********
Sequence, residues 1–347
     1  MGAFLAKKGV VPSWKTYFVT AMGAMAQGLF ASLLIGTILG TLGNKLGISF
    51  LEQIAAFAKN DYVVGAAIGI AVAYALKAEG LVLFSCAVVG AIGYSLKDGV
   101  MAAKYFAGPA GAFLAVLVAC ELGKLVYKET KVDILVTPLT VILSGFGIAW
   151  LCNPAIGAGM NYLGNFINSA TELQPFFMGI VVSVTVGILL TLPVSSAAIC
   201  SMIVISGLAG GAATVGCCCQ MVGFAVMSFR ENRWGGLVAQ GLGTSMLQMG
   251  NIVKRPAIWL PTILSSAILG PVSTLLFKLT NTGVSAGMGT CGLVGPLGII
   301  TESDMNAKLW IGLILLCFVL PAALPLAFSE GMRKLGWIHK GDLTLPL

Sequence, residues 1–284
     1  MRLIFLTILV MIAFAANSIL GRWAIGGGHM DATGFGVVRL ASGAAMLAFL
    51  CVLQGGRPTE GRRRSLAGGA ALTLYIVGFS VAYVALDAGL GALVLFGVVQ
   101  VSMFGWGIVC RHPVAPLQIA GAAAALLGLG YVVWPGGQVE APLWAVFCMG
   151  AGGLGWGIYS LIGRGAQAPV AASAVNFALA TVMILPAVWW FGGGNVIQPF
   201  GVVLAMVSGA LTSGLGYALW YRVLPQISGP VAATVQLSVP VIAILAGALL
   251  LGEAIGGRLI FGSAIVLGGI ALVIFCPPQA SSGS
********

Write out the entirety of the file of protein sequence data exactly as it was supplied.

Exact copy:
Sequence, residues 1–347
     1  MGAFLAKKGV VPSWKTYFVT AMGAMAQGLF ASLLIGTILG TLGNKLGISF
    51  LEQIAAFAKN DYVVGAAIGI AVAYALKAEG LVLFSCAVVG AIGYSLKDGV
   101  MAAKYFAGPA GAFLAVLVAC ELGKLVYKET KVDILVTPLT VILSGFGIAW
   151  LCNPAIGAGM NYLGNFINSA TELQPFFMGI VVSVTVGILL TLPVSSAAIC
   201  SMIVISGLAG GAATVGCCCQ MVGFAVMSFR ENRWGGLVAQ GLGTSMLQMG
   251  NIVKRPAIWL PTILSSAILG PVSTLLFKLT NTGVSAGMGT CGLVGPLGII
   301  TESDMNAKLW IGLILLCFVL PAALPLAFSE GMRKLGWIHK GDLTLPL

Sequence, residues 1–284
     1  MRLIFLTILV MIAFAANSIL GRWAIGGGHM DATGFGVVRL ASGAAMLAFL
    51  CVLQGGRPTE GRRRSLAGGA ALTLYIVGFS VAYVALDAGL GALVLFGVVQ
   101  VSMFGWGIVC RHPVAPLQIA GAAAALLGLG YVVWPGGQVE APLWAVFCMG
   151  AGGLGWGIYS LIGRGAQAPV AASAVNFALA TVMILPAVWW FGGGNVIQPF
   201  GVVLAMVSGA LTSGLGYALW YRVLPQISGP VAATVQLSVP VIAILAGALL
   251  LGEAIGGRLI FGSAIVLGGI ALVIFCPPQA SSGS